Ending post-colonial conflicts in Africa and reconstructing states and societies in their aftermaths is the focus of much international activism since the 1990s. In cases such as Mozambique and South Africa, the movement from war to peace has resulted in tangible economic and social improvements in the lives of individuals and the communities. And yet, for all the successes that can be pointed to, there remain numerous instances where peace still has only a tenuous grip on society or conflict has re-asserted itself. A common denominator of those states which have succumbed to political violence is the failure of post-conflict reconstruction to address the issue of land. As a primary and fundamental but also highly symbolic resource for the vast majority of African peoples, land holds a unique position within so-called traditionalist societies and economies. Indeed, much of the conflict experienced in the colonial and post-colonial period can be traced back to its summary expropriation from the peasantry by various authorities. In this sense, the absence of any systematic analysis of the status of land, changes to tenure and, ultimately, the integration of these insights into post-conflict reconstruction strategies - embarked upon African governments and international community - potentially undermines their very success.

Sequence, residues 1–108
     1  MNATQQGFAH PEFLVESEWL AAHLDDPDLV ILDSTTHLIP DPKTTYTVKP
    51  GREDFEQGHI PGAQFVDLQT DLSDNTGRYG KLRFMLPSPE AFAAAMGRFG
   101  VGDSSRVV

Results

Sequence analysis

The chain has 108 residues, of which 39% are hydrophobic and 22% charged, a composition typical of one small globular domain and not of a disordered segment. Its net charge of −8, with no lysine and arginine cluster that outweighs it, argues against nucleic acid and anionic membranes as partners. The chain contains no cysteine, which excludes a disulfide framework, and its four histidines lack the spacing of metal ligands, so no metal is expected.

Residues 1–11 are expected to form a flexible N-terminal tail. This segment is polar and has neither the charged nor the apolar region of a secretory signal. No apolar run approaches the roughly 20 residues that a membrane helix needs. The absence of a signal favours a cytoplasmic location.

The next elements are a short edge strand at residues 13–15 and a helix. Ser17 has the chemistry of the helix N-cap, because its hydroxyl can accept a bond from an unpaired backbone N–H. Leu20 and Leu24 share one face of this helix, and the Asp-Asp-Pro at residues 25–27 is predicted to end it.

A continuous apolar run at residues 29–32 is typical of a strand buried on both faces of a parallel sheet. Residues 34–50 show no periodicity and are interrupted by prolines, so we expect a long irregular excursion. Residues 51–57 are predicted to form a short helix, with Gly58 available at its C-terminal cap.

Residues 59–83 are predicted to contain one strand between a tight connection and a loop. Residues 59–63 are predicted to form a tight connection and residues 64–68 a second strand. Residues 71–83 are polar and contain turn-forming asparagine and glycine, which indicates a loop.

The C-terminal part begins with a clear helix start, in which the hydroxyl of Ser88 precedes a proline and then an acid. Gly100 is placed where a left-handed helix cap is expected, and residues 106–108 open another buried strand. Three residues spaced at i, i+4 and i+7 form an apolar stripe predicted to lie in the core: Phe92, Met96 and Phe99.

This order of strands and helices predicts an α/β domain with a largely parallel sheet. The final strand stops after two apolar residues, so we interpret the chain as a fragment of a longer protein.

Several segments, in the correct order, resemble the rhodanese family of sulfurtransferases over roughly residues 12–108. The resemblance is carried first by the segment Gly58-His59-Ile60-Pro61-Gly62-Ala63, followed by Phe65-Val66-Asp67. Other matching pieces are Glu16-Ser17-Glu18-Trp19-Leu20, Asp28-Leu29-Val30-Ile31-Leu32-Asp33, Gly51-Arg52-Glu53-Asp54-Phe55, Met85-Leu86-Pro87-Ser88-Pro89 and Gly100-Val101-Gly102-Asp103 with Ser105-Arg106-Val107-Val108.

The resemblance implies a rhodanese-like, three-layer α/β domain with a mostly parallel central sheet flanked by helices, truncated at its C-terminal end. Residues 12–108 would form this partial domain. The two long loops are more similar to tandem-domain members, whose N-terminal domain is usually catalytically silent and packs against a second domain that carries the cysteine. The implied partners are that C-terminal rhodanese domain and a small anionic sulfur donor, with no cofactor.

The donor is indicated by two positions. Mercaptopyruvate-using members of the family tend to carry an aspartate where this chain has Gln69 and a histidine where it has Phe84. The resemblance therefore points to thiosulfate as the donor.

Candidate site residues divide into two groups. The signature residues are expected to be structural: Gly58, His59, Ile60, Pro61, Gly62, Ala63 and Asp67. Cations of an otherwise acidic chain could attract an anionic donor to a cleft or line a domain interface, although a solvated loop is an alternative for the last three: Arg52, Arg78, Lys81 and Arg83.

The central aim of the conference, being comparative in nature, is to gain insight into the nature of policy-making concerning land not only at national level but also at the level of regional, inter-state systems. In particular, the conference hopes to address issues like the impact of challenges facing policy development in the form of new norms of governance of state and markets (most recently articulated in the NEPAD initiative) or in the rise of an anti-imperialist discourse on land. This conference will seek to examine and analyse the role of land as a site and source of conflict, especially with regard to post-conflict reconstruction. The central aim of the conference, being comparative in nature, is to gain insight into the nature of policy making concerning land, not only at national level but at the broader African state system level as well and the degree to which the challenges facing it - in the form of new norms of governance of state and markets (most recently articulated in the NEPAD initiative or put forward by several African State leaders supporting anti-imperialist policies) – influence the latter.
As such, the conference will compare responses to internal crisis related to land across a range of African sub-regional groupings. It will adopt a continental perspective on the topic, that is to say, investigate cases drawn from all regions across Africa. Papers (selected through an international review committee) are welcomed from academics, policy makers or main practitioners dealing with the politics of land. Proceedings will be compiled and edited for publication. The conference is linked to a three-year project on land policy in Southern Africa jointly sponsored by the French Institute of South Africa (IFAS) and the London School of Economics (LSE).
Abstract of papers (2000-2500 characters)(in English only)
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